<span id="hs_cos_wrapper_name" class="hs_cos_wrapper hs_cos_wrapper_meta_field hs_cos_wrapper_type_text" style="" data-hs-cos-general-type="meta_field" data-hs-cos-type="text" >A PEO Answers Your Top 4 Questions about International Expansion</span>

Expanding your business is both an exciting prospect and a challenging one. If you’re thinking about expanding across international borders any time soon, you’re probably asking a lot of questions.


Who is more qualified to answer your questions about expansion than a team of professionals who deal with expansions every day? Take a gander at some of the top questions people ask about international expansion, and discover the answers from the team at the Payroll Edge, a professional employer organization.

1. Who Files Employer Taxes, Employment Deductions, and Other Deductions?

This is an excellent question many international employers wonder about. Will they need to handle tax filings and deductions on their own, or is there someone who could look after this task for them?

It’s easy to see why this question comes up. Most countries have arcane systems for filing payroll taxes and remittances. The process is confusing, the rules aren’t clear, and making mistakes has high costs.


The good news is that a PEO or other payroll service provider can file these taxes for you. If they’re handling your payroll, they’ll collect the deductions and handle remittances. For end-of-year taxes, you may need to negotiate adding this service. In many cases, it makes sense to have your payroll provider handle your taxes too.

2. What Are the Differences between US Healthcare and Other Countries?

Canada, the UK, and other countries have public healthcare systems, which is much different than the system found in the US. The US system is entirely privatized and handled through insurance or out-of-pocket payments from the patient.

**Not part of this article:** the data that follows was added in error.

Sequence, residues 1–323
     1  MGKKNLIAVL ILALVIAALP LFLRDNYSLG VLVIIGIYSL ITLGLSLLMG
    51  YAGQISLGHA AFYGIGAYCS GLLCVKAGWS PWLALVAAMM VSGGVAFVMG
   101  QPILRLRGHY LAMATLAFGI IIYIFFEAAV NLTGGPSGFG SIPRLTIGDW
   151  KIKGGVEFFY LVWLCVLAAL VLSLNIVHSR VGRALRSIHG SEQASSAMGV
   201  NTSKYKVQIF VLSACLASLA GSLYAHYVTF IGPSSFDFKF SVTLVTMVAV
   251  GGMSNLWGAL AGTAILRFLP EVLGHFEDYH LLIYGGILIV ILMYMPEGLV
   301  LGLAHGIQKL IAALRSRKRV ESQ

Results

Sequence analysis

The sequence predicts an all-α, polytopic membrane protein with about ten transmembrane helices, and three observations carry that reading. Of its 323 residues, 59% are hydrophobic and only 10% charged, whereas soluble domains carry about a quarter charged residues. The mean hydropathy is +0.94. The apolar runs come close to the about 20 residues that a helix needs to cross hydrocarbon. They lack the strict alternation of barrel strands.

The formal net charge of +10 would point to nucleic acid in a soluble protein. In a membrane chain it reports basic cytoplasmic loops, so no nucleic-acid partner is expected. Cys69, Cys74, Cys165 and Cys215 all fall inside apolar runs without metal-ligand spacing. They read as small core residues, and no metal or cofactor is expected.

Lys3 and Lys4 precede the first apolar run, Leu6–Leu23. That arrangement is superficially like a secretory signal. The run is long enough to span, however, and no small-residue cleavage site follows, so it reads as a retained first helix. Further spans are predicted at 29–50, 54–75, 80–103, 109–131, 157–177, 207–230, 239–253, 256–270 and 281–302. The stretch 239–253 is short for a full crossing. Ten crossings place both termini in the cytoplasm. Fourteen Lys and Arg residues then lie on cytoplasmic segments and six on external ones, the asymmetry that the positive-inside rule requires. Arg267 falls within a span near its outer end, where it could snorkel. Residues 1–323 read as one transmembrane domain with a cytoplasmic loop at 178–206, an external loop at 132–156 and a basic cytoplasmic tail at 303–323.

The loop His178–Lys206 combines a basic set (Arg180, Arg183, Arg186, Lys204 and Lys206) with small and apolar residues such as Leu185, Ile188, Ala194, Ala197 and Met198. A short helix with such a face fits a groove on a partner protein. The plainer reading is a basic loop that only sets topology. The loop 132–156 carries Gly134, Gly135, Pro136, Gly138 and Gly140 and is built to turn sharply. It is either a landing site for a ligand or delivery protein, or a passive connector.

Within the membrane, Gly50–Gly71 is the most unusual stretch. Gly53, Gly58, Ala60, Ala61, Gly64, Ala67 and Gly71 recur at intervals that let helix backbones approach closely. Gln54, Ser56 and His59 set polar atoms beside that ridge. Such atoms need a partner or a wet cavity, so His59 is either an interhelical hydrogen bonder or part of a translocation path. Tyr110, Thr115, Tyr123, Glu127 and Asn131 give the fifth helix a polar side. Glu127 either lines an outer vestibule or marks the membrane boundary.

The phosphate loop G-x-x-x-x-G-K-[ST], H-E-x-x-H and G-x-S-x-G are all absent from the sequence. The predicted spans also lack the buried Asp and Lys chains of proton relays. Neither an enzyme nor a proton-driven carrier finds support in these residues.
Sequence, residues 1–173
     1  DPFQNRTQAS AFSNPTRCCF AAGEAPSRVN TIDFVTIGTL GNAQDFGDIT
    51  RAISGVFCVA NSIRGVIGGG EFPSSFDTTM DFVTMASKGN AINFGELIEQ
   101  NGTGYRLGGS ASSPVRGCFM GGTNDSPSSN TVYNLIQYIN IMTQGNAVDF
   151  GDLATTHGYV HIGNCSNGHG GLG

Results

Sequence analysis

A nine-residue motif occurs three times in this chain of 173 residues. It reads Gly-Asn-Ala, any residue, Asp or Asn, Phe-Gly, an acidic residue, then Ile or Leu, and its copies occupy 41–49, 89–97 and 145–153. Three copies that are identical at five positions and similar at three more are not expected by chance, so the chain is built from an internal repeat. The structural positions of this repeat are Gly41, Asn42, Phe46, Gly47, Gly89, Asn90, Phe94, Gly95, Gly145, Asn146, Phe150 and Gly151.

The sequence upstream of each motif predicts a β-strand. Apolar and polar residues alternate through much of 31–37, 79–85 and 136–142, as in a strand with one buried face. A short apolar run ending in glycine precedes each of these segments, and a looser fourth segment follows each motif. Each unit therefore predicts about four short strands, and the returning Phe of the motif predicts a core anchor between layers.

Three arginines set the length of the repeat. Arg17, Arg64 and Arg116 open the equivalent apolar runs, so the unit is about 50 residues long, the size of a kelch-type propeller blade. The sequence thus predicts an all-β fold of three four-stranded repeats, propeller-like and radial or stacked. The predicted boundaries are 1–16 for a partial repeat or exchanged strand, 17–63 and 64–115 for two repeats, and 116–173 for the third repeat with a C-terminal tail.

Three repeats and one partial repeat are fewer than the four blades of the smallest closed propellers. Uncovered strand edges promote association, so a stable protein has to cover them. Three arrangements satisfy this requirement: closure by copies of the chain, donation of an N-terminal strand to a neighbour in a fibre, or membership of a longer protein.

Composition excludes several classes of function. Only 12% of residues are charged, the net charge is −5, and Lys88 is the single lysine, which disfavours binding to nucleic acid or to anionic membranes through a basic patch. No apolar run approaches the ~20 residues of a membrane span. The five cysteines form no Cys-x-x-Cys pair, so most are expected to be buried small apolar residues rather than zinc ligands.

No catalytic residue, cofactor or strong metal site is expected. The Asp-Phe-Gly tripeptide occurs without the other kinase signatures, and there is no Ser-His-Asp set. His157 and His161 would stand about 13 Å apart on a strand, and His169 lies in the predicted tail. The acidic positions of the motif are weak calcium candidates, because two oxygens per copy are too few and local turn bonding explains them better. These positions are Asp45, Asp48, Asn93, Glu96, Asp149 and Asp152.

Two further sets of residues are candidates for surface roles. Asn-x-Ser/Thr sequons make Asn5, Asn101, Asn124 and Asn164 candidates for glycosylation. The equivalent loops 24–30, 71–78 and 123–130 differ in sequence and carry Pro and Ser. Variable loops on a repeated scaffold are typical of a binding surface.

The healthcare system of any country can be baffling for an international employer. US employers are often overwhelmed by the public system in Canada and other countries. Companies entering the US might find themselves at a loss for understanding what they need to offer and how to go about offering it.


In Canada and other countries, the public system is funded by taxes. Some jurisdictions, like British Columbia, will deduct healthcare subsidies directly from an employee’s paycheck. Employers should check the rules of their province to see how to handle these deductions.


Privatized healthcare may be offered through insurance providers, similar to the US, although at a lesser scale. Insurance benefits in the US must cover basic medical needs. In Canada and other countries, health insurance is supplemental and may cover costs like dental care and vision care.

An easy way to discover what you must offer in any country is to talk to a PEO. They can guide you on what the minimum requirements for your business are, as well as help you pick plans that will keep your employees happy.

3. What’s the Canadian Equivalent of a 401k?

The 401k is a popular retirement savings option in the US. Canada and other countries also have options for retirement savings, but they’re not called a 401k.


Canada offers a public pension program, called the Canada Pension Plan. Employees and employers contribute to the program through payroll deductions. As a result, you don’t need to offer your employees anything more for their retirement savings.


Some employers do want to offer more. The most common option is known as a Registered Retirement Savings Plan, or RRSP. This is a type of account you or an employee may regularly contribute to. The money added to the account can then be invested, often in mutual funds or bonds.

The RRSP is used as a tax reduction method as well. Employees in high tax brackets can defer paying taxes on their RRSP contributions until they withdraw the funds. Most Canadians’ income drops during their retirement years, which puts them in a lower tax bracket. When they withdraw funds from their RRSP, they’ll pay less tax.


Finally, the RRSP is registered because the government has information on its value. This is then used to determine the CPP payment a Canadian is entitled to in their retirement years.

4. How Can You Terminate an Employee If There Is No At-Will Employment?

One of the major differences between Canada and the US is the existence of “at will” employment. In the US, either the employee or employer may terminate employment at any point in time. Unless there’s an agreement about severance, negotiated between employer and employee, there are no repercussions.


The same is not true in Canada. Employees must be given either appropriate notice or severance pay equivalent to proper notification. You can fire someone on the spot, but you’ll need to pay them two weeks’ worth of wages or more, depending on how long they’ve been with you.

You’ll also need a justifiable cause to terminate the employee this way. All in all, it’s best to give two weeks’ notice.


These are just some of the most common questions from international employers. Chances are you still have more. If you’re looking for answers, then get in touch with a PEO.